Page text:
Hello to you from where and when you are stopping by. I’m finally able to sit down here and have a moment. Kyle picked me up some light auburn hair coloring and now I look a bit more like myself again. I knew better from past experiences than to go blonde but ah well. What happens with us girls, at least this girl, is when I don’t feel like I have control over things going on! When I’m feeling powerless, in a mindless versus mindful sort of way (there is a difference), I will do a couple of predictable things. I will start moving furniture, trying to organize and clean out stuff (very productive this one) and ultimately I will start fussing, then cutting and color my hair. Depending on what is going on, it can take quite an effort for me to get to a mindful state of being. It’s in those weak moments that going blonde, or in my case going orange happens!
Now for something completely different…..
We often take for granted the very things that most deserve our gratitude.
We had another major ant siege this morning. It’s dry and hot and that’s when they make their move. They have surrounded the house and were even trying to set up shop in a window. I can’t blame them for fighting to survive these elements but damn I wish they’d go someplace besides my house to do it. I spread some Diametrious earth around the house and we fought them back from the inside with a mix of white vinegar and Dr. Bonner’s Peppermint which seemed to work. We try not to use the traditional poisons mainly for health reasons with the dogs and ourselves. Most of our neighbors use exterminator services like we used to and or spray the toxic stuff which chases the ants from their place over to ours. With ant politics that’s really all we are doing. You don’t really kill ants, you just move them from one place to another! Until the next battle!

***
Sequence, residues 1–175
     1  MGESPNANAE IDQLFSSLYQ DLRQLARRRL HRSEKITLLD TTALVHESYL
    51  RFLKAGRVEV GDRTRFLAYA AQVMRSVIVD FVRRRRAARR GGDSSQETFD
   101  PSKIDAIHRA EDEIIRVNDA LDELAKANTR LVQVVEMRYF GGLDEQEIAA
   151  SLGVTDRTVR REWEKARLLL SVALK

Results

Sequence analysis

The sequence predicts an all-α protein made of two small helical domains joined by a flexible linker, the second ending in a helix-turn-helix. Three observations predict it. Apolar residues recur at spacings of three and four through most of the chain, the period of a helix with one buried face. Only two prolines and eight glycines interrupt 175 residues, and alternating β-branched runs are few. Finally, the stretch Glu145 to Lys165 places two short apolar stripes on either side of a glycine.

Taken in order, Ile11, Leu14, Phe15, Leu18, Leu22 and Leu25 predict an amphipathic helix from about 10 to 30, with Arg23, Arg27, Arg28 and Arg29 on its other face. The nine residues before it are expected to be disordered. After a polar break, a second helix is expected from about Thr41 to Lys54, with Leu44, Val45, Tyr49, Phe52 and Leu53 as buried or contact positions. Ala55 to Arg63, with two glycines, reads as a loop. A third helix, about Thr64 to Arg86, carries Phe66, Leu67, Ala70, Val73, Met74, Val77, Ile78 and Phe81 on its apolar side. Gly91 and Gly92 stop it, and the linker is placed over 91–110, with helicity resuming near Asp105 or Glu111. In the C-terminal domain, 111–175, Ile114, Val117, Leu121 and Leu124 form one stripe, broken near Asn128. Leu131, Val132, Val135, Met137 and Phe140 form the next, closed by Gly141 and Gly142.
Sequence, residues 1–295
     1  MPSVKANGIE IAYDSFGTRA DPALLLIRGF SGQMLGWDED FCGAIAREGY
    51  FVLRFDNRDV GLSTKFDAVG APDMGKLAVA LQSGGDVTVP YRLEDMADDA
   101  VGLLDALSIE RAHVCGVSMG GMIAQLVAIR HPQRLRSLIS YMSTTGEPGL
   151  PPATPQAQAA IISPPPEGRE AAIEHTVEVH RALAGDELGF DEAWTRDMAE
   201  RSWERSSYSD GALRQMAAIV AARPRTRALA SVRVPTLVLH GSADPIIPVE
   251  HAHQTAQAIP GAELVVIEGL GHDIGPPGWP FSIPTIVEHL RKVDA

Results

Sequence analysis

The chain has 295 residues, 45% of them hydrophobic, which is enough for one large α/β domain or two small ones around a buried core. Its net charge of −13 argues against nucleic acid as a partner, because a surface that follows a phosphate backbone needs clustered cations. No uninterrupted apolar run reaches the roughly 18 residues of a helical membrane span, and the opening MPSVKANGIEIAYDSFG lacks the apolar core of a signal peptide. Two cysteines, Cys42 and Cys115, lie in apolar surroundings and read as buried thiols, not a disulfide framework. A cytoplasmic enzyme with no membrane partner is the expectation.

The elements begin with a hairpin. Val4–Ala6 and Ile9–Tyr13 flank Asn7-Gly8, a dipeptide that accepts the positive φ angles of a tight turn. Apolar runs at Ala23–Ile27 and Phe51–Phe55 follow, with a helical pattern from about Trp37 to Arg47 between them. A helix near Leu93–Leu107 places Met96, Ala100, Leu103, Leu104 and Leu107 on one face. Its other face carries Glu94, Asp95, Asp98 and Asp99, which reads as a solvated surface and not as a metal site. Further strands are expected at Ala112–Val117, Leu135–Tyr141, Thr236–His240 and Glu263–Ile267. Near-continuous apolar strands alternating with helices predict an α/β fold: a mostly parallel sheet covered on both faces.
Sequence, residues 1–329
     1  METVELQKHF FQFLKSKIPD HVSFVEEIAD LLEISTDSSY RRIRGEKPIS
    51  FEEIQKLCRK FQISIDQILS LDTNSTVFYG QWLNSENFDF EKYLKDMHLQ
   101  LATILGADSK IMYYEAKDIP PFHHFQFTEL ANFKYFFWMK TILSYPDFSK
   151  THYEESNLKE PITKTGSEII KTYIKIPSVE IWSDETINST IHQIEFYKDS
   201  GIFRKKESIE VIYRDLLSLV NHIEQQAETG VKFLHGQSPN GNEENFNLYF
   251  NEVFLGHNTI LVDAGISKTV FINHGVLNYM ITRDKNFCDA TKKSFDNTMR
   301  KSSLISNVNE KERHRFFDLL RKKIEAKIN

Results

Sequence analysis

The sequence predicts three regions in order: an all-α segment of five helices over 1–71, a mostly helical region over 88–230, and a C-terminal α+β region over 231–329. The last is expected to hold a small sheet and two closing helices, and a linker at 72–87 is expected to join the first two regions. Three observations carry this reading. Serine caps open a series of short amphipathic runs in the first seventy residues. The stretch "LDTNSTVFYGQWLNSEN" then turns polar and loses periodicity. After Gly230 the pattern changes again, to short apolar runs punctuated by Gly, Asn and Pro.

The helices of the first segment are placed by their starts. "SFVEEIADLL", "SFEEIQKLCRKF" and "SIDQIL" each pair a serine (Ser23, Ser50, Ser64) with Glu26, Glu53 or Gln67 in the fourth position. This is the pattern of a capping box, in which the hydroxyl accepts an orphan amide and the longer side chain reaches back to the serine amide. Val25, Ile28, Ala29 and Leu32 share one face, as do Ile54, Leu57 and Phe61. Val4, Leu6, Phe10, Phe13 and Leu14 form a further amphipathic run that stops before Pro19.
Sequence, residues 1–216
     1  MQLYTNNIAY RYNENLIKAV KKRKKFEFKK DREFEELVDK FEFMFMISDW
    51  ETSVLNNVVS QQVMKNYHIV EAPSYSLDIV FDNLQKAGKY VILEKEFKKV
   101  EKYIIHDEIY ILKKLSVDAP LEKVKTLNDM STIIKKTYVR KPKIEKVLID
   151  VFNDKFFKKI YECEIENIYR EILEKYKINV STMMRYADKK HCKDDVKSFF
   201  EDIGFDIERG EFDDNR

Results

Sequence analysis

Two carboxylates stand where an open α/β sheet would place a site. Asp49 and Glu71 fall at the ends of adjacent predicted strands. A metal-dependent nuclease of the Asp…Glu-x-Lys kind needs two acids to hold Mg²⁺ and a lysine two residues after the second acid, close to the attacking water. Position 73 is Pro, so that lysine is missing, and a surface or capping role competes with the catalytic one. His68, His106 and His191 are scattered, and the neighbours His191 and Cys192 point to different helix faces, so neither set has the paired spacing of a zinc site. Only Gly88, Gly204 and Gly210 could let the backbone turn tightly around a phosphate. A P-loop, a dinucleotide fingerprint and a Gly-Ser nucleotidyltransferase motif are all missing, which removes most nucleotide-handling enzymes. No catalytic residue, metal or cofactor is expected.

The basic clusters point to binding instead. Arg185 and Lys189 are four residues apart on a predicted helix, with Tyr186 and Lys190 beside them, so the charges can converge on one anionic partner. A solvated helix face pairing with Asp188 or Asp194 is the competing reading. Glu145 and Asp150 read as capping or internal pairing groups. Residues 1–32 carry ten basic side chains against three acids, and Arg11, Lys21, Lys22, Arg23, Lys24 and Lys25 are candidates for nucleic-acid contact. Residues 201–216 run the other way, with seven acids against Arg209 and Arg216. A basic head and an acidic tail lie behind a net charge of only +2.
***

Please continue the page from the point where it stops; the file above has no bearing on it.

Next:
If there is meaning in life at all, then there must be meaning in suffering.
13 9 14 4 12 5 19 19 14 5 19 19
M I N D L E S S N E S S = 152/8/4/2/1
13 9 14 4 6 21 12 13 5 19 19
M I N D F U L N E S S = 135/9 divided by 2 = 4.5 = 9 cycle
Mindfulness vs. Mindlessness
“Rejoice in the things that are present; all else is beyond thee.” – Montaigne
We are mindful when we are in a “mental state characterized by nonjudgmental awareness of the present moment experience, including sensations, thoughts, bodily states, consciousness, and the environment, while encouraging openness, curiosity, and acceptance” (Hofmann et al., 2010, p. 169). This state of mindfulness is flexible, open to novelty, and sensitive to both context and perspective (Langer, 2005).
When we are operating in life from a mindful position, we are willing to open ourselves to all of the possibilities and nuances of our internal and external worlds. We feel willing to invite whatever thoughts and emotions may come, because we are not rigid in fear that thoughts or emotions will overwhelm us. Through this open stance, we allow ourselves to bear witness to thoughts, emotions, and external events without judgment. Paradoxically, when we allow potentially negative thoughts or feelings to simply “be,” we take away the power that they have over us. It is when we resist and deny our thoughts and feelings that they grow stronger.